Objectives: The oral Symbol Digit Modalities Test (SDMT) has become the standard for the brief screening of cognitive impairment in persons with multiple sclerosis (PwMS). It has been shown to be sensitive to sensory-motor factors involving rudimentary oral motor speed and visual acuity, as well as multiple sclerosis (MS) affective-fatigue factors including depression, fatigue, and anxiety. The present study was designed to provide a greater understanding of these noncognitive factors that might contribute to the oral SDMT by examining all these variables in the same sample. Methods: We examined 50 PwMS and 49 healthy controls (HCs). All participants were administered the oral SDMT, two sensory-motor tasks (visual acuity and oral motor speed), and three affective-fatigue measures (depression, fatigue, and anxiety). Results: Partially consistent with hypotheses, we found that sensory-motor skills, but not affective-fatigue factors, accounted for some of the group differences between the MS and HC groups on the oral SDMT, reducing the MS/HC group variance predicted from 10% to 4%. Also, PwMS with below average sensory-motor abilities had oral SDMT scores that were lower than PwMS with intact sensory-motor skills (p <.05). Finally, 71% of PwMS in the below-average sensory-motor group were impaired on the oral SDMT compared with 14% of the intact group (p =.006). Conclusions: When the oral SDMT is used as the sole screening tool for cognitive impairment in MS, clinicians should know that limitations in visual acuity and rudimentary oral motor speed should be considered as possibly being associated with performance on it in MS.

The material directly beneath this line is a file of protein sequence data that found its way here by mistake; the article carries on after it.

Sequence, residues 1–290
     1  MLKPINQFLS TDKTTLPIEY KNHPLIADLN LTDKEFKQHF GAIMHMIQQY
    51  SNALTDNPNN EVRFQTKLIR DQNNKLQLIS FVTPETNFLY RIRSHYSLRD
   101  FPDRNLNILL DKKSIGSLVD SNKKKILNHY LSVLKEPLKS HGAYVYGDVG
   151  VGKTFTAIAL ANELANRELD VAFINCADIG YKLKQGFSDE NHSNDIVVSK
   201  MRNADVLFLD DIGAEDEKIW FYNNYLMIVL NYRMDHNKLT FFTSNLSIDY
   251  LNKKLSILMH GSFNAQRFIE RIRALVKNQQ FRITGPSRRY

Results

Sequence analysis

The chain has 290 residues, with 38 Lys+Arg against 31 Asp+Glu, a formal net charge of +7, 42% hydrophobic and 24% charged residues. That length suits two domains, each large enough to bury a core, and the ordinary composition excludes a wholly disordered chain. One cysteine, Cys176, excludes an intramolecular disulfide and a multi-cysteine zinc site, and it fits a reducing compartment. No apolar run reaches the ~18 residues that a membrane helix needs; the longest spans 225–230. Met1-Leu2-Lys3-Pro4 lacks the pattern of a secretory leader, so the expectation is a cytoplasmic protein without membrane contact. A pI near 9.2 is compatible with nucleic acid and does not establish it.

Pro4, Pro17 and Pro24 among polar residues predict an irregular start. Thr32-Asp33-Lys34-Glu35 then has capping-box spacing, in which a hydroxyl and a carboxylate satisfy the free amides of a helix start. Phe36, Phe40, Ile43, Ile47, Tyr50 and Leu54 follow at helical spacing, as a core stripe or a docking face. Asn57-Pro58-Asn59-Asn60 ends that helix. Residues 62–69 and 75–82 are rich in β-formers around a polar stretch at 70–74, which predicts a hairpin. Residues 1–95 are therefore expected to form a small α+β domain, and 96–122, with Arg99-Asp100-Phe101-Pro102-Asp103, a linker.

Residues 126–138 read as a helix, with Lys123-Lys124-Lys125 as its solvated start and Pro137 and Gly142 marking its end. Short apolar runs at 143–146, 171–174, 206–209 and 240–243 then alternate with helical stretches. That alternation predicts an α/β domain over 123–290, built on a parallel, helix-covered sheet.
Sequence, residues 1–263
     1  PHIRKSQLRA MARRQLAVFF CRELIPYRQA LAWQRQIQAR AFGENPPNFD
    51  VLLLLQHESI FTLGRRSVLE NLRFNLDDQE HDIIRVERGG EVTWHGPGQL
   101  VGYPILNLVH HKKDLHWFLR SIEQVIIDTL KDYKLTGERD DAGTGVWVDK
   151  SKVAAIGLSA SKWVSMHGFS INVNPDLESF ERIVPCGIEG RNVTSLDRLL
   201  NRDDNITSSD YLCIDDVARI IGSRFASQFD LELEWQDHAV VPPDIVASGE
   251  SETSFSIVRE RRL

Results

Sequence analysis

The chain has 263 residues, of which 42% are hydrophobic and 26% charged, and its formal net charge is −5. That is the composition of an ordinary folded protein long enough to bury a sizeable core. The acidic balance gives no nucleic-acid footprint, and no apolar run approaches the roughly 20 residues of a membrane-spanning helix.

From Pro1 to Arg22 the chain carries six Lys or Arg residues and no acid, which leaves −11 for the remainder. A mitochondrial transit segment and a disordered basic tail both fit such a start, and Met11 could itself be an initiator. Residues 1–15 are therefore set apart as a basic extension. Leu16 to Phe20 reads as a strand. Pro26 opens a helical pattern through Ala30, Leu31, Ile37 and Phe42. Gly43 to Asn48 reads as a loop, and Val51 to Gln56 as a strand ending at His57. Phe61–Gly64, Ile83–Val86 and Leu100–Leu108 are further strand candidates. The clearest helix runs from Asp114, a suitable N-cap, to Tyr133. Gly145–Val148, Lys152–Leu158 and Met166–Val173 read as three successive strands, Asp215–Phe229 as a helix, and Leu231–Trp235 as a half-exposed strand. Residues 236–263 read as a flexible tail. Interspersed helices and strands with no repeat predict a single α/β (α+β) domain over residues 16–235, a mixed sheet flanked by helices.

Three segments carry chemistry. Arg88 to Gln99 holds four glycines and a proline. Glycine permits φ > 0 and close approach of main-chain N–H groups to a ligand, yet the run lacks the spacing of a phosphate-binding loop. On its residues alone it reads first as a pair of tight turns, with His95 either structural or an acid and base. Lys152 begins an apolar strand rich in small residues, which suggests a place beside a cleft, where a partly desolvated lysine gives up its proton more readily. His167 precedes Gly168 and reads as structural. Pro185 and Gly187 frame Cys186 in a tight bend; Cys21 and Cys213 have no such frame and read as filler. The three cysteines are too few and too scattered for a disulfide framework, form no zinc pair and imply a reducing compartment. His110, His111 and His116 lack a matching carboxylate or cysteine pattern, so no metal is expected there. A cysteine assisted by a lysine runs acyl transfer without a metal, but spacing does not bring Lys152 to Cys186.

|Original language||English (US)|
|Journal||Journal of the International Neuropsychological Society|
|State||Accepted/In press - 2021|
All Science Journal Classification (ASJC) codes
- Clinical Psychology
- Clinical Neurology
- Psychiatry and Mental health